Full disclosure: I watched season one of “The Apprentice” and enjoyed it thoroughly. I gaped with eager horror as he berated, humiliated, and discarded contestants who seemed deserving of the treatment if only because their highest aspiration in life was to curry favor with Donald Trump. In the end, I admired his chutzpah for casting himself as the anti-hero of his own reality show. Which is more or less the tack he’s taken throughout the presidential election. But what happens if he’s the one who ends up getting fired – or not elected, at any rate?
To employ a Trumpian formulation, a lot of people on the Internet are saying that Trump will launch a TV channel if he doesn’t win. It may sound like an odd move for a man typically known for apartment buildings, steaks, neckties, and cologne. But consider the volume of content he generates. It’s not just that he has sent* 34,000 tweets versus Hillary Clinton’s 9,000. Since Trump announced his candidacy, the major national TV networks have mentioned him 1,109,495 times, compared to Clinton’s 525,615. Add to this the countless books, newspaper and magazine articles, and blogs, and it becomes undeniable the man is a content-driving machine.
But it’s not just Trump getting into the content business. Think about AT&T’s $85 billion bid for Time Warner. With this one not-so-simple deal, a company known for telecommunications dials up CNN, TNT, and HBO. Following its merger last year with DirecTV, AT&T will soon be able to stream Game of Thrones, The Walking Dead, or even Philadelphia 76ers basketball games to any Internet-connected device. Just as important, it can employ its ridiculous volumes of consumer data to develop and deliver content in a highly targeted way.
Another example is Alibaba Group, the $25 billion company known primarily for B2B e-commerce. Its eBay-like auction site, Taobao, has nearly a billion products and is one of the world’s most-visited websites. Recently I saw Alibaba’s founder, Jack Ma, interviewed on television, and he made a fascinating assertion: “We only sell products so that we can get data.” It sounds like a variation on a corporate cliché – Welcome to Spaghetti Trough, now a data and technology company! – but in Ma’s case it rang true. Sure enough, a couple of weeks ago he was on stage with Steven Spielberg to announce that Alibaba will be co-producing movies with Spielberg’s Amblin Partners. Sell the products, get the data, create and deliver the content.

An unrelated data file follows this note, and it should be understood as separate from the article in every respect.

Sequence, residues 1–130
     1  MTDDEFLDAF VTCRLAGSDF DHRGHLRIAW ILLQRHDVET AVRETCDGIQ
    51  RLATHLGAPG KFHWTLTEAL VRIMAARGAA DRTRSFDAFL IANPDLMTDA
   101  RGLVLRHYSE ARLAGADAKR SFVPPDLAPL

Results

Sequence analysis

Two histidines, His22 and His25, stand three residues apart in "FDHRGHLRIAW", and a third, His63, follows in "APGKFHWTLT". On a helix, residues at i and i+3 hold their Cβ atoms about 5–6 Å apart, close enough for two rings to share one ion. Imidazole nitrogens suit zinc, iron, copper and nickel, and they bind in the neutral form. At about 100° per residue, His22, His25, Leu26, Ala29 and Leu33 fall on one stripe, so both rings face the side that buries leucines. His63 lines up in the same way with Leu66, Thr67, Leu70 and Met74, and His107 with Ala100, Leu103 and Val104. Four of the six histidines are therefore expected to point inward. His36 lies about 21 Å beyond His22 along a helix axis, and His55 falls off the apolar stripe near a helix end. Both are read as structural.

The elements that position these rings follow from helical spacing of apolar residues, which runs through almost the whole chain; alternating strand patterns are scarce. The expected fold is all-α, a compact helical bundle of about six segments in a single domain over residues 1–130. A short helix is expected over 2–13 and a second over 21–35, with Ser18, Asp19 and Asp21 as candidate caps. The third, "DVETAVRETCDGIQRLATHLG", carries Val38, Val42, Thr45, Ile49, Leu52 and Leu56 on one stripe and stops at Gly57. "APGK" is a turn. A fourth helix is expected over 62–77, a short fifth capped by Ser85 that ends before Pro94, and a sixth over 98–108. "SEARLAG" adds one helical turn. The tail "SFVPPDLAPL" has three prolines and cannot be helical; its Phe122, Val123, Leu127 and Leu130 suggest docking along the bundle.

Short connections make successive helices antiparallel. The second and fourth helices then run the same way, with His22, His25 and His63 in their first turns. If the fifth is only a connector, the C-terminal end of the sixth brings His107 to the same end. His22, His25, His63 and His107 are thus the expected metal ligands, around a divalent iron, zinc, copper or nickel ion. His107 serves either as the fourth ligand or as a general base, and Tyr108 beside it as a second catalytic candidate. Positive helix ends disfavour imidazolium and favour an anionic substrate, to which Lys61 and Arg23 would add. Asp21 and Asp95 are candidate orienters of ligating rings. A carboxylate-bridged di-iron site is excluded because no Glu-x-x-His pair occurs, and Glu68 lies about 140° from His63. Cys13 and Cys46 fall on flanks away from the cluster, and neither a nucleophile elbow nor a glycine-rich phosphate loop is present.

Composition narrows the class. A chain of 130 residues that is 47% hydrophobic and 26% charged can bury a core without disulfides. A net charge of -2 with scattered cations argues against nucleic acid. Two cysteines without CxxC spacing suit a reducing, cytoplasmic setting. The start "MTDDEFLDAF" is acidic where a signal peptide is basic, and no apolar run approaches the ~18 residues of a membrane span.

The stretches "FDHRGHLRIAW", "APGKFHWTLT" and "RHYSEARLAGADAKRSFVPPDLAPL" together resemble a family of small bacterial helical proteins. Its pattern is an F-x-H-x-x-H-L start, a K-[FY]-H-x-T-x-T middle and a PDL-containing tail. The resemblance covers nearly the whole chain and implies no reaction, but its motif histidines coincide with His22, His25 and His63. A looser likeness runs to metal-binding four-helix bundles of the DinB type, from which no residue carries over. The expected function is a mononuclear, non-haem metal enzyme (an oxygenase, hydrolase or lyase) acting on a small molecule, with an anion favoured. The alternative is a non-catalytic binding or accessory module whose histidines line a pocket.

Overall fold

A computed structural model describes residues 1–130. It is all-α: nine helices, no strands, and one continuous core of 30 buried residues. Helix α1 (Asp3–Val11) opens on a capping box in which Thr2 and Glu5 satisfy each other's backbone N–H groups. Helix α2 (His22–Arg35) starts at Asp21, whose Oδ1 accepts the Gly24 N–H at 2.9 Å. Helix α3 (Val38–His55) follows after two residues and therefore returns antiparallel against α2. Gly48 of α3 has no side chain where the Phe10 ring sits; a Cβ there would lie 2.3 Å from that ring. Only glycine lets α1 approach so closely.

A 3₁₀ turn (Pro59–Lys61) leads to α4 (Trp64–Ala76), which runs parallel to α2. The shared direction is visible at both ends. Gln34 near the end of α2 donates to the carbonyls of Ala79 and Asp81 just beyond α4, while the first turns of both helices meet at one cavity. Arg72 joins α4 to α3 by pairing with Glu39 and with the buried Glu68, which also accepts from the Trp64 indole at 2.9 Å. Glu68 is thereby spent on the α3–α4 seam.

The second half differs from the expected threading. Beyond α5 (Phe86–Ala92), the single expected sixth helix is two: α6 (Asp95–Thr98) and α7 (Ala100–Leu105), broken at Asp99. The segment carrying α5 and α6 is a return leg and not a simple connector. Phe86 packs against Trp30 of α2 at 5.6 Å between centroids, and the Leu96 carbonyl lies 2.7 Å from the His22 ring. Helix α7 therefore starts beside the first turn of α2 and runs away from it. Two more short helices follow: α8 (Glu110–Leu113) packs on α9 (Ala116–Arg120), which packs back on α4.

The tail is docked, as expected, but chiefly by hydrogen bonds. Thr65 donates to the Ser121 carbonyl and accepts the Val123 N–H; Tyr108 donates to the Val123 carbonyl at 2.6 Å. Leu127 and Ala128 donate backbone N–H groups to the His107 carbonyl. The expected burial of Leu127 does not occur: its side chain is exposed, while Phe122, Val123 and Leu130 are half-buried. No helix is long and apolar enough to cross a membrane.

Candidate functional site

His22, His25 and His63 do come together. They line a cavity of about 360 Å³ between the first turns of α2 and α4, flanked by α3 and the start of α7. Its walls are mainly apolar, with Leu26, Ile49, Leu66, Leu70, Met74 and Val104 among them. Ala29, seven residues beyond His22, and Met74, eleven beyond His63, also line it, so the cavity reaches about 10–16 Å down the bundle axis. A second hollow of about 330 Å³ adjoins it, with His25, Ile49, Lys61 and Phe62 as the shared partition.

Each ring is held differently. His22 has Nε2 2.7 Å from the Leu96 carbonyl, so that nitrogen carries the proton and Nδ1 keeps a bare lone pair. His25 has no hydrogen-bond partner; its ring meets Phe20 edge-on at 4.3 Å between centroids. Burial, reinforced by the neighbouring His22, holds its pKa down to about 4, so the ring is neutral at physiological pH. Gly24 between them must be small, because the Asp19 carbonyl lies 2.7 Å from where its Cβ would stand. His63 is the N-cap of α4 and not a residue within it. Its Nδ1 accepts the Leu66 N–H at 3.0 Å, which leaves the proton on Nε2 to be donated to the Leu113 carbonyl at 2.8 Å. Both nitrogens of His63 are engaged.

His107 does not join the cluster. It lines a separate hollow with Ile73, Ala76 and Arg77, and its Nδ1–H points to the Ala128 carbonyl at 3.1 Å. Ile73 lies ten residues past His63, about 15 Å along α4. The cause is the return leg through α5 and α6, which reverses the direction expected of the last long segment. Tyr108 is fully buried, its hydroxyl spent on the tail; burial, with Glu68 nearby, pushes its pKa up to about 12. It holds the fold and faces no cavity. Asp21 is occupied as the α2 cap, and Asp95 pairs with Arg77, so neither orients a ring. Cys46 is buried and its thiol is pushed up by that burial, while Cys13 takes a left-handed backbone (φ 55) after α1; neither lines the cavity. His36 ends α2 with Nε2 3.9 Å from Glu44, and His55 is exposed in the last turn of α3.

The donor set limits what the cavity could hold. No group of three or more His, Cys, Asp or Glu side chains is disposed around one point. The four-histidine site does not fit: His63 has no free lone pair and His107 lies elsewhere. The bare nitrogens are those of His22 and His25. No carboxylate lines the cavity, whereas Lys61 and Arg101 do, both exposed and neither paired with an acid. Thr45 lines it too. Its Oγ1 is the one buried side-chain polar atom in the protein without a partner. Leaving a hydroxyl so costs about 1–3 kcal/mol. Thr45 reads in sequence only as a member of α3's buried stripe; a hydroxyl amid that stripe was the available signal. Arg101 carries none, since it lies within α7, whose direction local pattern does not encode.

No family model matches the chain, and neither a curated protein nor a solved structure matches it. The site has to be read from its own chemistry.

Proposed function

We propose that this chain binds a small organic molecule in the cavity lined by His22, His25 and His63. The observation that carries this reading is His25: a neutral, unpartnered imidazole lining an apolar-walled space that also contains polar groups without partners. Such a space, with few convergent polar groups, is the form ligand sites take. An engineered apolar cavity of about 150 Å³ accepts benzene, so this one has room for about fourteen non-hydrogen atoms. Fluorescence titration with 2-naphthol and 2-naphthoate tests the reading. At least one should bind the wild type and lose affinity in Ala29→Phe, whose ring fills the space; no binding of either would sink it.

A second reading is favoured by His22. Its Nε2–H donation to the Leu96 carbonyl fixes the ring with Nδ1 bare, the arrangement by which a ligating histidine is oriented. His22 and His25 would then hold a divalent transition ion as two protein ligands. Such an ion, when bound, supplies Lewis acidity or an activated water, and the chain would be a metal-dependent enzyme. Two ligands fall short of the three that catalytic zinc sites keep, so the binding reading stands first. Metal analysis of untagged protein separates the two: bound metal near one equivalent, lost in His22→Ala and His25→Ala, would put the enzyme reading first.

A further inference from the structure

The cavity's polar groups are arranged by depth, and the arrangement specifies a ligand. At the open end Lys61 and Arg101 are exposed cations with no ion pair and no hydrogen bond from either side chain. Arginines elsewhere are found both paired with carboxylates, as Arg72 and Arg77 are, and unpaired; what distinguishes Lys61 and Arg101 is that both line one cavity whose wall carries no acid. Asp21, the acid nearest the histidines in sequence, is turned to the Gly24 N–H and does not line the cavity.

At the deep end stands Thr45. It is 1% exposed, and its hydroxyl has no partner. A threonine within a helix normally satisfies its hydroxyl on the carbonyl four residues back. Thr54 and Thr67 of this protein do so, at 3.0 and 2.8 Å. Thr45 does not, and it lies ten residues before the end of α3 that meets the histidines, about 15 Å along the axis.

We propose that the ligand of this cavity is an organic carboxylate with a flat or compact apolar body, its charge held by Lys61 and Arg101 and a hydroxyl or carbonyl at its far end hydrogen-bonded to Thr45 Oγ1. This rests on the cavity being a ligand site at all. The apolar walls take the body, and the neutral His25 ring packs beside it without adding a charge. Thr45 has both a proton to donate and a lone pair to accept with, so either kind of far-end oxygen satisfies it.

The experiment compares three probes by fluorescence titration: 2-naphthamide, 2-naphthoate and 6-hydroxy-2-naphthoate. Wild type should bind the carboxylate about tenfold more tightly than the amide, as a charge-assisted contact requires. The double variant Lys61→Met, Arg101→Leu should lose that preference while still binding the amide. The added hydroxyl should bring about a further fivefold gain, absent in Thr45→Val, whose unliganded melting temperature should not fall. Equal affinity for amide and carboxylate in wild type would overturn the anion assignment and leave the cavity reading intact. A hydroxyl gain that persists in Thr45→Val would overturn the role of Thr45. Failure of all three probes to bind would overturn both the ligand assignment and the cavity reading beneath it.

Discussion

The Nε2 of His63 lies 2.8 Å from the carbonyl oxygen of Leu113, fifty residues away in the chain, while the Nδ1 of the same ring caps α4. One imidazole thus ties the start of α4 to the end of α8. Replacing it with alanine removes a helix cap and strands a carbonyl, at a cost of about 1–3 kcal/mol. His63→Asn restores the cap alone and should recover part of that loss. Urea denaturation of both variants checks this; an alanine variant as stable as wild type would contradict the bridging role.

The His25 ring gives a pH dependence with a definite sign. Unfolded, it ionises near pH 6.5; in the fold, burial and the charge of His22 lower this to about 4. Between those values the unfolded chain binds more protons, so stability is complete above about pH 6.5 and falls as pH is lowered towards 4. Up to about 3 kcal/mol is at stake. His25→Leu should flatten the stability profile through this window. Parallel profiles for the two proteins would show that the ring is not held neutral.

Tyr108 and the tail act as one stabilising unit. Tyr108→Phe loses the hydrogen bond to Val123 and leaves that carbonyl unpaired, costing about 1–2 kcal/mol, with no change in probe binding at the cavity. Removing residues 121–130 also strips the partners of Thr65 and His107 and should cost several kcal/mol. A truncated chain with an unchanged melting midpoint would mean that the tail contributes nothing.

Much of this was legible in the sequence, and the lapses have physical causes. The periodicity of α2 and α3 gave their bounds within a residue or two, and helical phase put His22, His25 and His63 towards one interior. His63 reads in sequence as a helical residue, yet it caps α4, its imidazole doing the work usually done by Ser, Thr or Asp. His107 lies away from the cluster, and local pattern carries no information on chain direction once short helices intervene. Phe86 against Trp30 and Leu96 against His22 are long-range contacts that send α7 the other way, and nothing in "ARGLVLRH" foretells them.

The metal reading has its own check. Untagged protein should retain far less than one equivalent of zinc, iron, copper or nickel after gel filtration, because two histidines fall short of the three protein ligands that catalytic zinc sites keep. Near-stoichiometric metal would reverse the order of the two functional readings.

You’ll often hear consumer products companies talk about better exploiting consumer data – but it’s almost invariably stated in terms of targeted offers or cross-selling. In other words, “now that we know you, we can try to sell you more of what you bought.” But a man can only eat so much spaghetti out of a trough. So why aren’t more product companies pivoting to content creation? My seventh-grade son will save his allowance for two months to buy an Under Armour t-shirt. His friends all wear them too. What kind of Under Armour content would they pay for? Exclusive video of Steph Curry joking around with his adorable daughter Riley? A movie starring Cam Newton and Clayton Kershaw as international spies? A book of photographs of Tom Brady with his good friend Donald Trump?
I don’t claim to know which content there’s a market for (I have only limited data), but I am certain the market exists. And consumer products companies that take advantage are likely to experience astonishingly excellent results.
*all numbers accurate as of 10/26/2016
To learn more about how you can be better prepared for moments of market disruption, visit Consumer products: Reimagined for the new economy.